The right wing of the Singapore Airlines Boeing 777-300ER aircraft that caught fire after landing on the morning of 27 June appears to have suffered substantial burn damage to its trailing-edge surfaces.
Images of the aircraft (9V-SWB) show its right side aileron, flaperon, and flaps blackened by fire. The bottom portion of the aircraft’s right-side General Electric GE90 engine cowling is also black.
The fuselage near the wing root, however, appears untouched by flames.
Video footage shot externally shows that that after the aircraft stopped, the prevailing wind blew the flames and billowing black smoke away from the cabin.
Emergency vehicles quickly converged on the burning jet. It took fire crews over 2min to bring the flames under control.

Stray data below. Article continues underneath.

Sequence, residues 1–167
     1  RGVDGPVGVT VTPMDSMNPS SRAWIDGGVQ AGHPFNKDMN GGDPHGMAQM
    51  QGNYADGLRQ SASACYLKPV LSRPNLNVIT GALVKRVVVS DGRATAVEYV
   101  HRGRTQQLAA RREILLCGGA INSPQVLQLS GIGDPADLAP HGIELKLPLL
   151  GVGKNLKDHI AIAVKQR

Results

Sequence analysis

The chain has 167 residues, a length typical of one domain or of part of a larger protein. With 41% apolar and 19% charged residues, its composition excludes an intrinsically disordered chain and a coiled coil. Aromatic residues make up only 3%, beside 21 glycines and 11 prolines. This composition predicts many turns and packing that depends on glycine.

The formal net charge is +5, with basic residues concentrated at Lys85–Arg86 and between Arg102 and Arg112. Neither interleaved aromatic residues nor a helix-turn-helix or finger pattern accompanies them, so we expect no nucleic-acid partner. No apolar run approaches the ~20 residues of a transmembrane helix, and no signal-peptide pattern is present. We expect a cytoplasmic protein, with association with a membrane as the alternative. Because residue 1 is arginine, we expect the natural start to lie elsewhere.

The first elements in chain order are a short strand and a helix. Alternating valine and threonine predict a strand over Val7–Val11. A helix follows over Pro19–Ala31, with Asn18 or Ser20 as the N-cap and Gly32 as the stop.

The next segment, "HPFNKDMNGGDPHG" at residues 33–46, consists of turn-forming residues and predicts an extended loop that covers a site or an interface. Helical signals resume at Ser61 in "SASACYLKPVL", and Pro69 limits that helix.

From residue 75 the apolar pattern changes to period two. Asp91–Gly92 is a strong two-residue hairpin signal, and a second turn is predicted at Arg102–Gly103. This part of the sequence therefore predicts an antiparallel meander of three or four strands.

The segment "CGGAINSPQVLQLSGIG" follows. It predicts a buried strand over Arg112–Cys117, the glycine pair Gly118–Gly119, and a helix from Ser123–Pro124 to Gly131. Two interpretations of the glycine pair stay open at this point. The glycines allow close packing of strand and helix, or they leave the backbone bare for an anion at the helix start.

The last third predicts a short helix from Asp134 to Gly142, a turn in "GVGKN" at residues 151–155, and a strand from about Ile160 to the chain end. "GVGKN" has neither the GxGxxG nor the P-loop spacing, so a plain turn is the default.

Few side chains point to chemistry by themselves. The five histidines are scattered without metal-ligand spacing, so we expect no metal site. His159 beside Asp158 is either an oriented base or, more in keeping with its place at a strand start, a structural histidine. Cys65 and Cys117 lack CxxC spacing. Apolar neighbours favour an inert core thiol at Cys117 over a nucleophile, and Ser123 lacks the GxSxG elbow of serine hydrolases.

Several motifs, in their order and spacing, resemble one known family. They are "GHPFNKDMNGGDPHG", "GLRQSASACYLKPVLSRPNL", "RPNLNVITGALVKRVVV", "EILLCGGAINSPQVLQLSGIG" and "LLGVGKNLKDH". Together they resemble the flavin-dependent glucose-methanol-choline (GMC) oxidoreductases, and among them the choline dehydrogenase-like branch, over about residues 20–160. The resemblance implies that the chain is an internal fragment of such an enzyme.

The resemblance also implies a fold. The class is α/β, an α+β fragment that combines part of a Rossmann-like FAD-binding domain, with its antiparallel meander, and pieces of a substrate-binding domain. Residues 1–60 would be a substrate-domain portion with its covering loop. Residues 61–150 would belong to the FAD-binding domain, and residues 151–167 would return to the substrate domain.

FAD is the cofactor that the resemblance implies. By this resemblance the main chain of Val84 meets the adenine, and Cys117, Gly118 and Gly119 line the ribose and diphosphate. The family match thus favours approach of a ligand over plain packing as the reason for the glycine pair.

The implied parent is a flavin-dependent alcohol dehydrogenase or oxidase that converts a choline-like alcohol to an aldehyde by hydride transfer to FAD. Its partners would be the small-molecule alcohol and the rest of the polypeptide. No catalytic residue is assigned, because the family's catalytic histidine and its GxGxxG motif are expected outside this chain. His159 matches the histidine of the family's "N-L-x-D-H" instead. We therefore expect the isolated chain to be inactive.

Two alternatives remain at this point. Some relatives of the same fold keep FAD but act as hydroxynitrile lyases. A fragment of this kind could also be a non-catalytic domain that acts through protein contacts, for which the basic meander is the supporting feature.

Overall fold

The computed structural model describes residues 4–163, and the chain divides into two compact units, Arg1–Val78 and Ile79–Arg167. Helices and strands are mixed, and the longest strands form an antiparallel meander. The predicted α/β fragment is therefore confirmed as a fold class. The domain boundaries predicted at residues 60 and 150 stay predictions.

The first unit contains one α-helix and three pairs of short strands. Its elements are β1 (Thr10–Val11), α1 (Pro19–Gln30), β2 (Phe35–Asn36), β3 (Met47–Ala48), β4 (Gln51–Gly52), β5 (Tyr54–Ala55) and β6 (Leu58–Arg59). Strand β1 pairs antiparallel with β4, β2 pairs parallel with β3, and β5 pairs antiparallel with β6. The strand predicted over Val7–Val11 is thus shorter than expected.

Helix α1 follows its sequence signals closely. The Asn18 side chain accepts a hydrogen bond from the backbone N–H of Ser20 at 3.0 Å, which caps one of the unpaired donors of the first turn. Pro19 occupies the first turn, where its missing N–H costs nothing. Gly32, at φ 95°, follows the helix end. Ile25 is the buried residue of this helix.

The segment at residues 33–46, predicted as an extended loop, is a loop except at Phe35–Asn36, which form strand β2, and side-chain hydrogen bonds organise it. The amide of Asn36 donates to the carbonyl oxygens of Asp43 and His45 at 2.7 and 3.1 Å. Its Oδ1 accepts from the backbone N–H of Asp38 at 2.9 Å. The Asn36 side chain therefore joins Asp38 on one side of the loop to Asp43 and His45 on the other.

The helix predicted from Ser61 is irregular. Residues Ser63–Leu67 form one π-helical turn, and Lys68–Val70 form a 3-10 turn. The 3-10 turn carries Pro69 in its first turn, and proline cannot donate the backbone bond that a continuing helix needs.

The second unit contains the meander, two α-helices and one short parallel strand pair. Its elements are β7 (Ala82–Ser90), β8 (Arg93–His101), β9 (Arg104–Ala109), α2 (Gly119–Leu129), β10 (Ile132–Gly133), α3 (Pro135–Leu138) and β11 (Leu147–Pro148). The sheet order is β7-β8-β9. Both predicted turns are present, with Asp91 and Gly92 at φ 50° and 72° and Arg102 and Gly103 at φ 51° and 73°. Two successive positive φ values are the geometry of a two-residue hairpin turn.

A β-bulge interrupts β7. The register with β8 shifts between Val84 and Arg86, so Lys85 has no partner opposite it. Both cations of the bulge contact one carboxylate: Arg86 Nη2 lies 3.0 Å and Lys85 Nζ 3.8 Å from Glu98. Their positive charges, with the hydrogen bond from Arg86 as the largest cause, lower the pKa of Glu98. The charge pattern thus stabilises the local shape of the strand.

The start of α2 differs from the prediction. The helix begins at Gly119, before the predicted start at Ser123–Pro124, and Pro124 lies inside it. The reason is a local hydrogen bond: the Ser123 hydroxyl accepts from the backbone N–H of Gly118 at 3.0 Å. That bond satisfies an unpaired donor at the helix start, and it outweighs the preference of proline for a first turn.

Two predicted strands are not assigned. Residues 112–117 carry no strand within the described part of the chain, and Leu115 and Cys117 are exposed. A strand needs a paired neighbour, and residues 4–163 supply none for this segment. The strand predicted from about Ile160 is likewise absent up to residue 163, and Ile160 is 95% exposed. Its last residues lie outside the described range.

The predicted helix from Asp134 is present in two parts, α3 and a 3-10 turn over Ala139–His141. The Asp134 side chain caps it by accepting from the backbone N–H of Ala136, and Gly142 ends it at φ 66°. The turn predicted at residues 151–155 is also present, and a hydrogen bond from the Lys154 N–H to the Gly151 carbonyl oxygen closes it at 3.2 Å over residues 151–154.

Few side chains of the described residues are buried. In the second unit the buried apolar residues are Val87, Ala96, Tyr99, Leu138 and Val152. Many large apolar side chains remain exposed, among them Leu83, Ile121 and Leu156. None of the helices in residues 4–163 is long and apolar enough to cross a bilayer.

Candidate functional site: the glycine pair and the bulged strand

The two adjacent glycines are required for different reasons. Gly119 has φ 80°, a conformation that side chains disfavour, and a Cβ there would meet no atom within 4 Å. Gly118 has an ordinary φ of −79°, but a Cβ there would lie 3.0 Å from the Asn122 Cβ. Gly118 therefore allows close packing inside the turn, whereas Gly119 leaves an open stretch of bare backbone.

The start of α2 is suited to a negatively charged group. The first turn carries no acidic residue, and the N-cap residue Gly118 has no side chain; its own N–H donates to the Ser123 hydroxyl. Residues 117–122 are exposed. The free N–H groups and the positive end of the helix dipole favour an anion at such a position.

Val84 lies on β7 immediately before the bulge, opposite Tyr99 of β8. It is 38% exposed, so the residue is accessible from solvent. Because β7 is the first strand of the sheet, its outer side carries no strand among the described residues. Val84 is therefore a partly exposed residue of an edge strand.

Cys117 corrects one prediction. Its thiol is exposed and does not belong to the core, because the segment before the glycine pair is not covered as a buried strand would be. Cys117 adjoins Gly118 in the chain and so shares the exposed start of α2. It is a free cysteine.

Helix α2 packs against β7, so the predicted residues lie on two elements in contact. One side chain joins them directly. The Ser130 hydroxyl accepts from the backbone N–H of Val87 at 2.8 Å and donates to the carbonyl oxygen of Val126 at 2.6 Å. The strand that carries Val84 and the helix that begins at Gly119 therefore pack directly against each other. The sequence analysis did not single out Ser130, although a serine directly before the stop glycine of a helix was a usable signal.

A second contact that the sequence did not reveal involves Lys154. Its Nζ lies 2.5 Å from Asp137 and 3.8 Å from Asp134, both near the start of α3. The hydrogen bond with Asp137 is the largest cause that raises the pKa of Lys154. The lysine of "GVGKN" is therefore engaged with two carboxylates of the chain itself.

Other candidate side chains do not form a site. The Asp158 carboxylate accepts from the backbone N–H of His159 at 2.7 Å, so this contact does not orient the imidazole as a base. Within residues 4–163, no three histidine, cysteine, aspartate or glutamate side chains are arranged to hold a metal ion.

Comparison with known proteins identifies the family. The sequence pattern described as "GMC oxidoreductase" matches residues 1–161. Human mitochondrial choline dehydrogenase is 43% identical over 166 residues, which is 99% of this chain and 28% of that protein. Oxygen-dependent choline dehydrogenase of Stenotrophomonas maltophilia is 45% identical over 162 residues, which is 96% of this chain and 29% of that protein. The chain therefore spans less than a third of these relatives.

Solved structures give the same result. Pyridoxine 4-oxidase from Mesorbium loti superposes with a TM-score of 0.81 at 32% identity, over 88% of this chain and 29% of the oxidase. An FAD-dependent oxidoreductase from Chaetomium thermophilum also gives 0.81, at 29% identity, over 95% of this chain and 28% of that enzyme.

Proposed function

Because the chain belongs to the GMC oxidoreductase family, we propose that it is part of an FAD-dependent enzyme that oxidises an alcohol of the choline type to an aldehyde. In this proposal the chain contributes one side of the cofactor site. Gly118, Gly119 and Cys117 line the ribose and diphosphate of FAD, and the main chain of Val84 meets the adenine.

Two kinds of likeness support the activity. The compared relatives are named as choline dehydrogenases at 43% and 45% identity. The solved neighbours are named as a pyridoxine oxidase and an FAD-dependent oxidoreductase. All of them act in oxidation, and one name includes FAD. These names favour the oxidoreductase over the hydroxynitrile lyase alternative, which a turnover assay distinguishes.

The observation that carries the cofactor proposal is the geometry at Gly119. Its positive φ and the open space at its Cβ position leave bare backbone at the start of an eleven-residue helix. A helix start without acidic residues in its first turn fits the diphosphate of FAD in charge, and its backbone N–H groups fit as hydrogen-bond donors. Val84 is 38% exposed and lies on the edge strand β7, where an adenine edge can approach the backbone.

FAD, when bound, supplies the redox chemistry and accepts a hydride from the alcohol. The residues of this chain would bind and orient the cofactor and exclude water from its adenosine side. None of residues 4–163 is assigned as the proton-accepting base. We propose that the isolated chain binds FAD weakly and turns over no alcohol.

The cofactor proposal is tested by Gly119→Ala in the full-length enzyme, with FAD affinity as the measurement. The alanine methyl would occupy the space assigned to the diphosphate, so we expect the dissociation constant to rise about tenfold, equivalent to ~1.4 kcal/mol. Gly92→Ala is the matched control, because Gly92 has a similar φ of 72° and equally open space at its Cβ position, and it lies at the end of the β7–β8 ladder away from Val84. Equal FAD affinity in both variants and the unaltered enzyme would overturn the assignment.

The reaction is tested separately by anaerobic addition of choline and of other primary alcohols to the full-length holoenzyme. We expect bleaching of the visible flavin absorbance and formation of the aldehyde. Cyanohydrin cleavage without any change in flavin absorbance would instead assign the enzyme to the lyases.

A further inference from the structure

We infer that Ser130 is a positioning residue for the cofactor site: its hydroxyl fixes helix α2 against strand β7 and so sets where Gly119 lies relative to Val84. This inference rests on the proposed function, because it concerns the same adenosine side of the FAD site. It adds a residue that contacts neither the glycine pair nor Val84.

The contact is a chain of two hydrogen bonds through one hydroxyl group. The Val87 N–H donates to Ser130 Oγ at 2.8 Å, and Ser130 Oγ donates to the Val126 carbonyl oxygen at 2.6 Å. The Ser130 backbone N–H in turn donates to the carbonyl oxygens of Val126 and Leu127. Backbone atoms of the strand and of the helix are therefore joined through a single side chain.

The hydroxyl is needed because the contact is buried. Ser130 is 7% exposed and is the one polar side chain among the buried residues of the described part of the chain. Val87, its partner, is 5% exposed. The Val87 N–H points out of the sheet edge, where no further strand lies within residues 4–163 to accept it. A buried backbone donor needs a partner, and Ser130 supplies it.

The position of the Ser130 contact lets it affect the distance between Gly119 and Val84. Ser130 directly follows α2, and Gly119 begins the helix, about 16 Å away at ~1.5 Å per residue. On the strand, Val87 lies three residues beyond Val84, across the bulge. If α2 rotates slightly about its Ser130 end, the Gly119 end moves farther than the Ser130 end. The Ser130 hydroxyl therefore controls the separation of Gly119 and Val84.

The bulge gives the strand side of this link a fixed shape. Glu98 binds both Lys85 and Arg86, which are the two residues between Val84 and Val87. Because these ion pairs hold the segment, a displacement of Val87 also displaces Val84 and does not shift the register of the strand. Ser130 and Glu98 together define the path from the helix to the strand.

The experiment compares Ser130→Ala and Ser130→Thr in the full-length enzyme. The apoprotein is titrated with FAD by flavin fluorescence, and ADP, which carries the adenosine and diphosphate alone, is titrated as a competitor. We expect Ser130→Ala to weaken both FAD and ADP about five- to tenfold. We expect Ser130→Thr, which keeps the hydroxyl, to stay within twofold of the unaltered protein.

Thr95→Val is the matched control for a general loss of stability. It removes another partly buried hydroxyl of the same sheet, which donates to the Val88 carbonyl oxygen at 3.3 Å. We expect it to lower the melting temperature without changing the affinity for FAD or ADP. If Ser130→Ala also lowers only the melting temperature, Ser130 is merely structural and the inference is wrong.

Footage shot by passengers through aircraft windows fore and aft of the wing shows flames licking along the length of the wing, and the aircraft being doused with fire-retardant foam.
Audio suggests there was no panic inside the cabin during the fire. Local media reports indicate that some passengers were collecting their bags from the overhead bins and demanding to be let off the jet.
All 222 passengers and 19 crew were later deplaned via stairs from the left side, with no injuries suffered. Passengers later boarded a replacement aircraft and resumed their journey.
The incident occurred following a turnback related to an engine oil warning, says SIA. In its statement about the incident, the airline says the aircraft’s right engine "caught fire after the aircraft touched down”. The aircraft had been operating flight SQ368 to Milan.
Source: Cirium Dashboard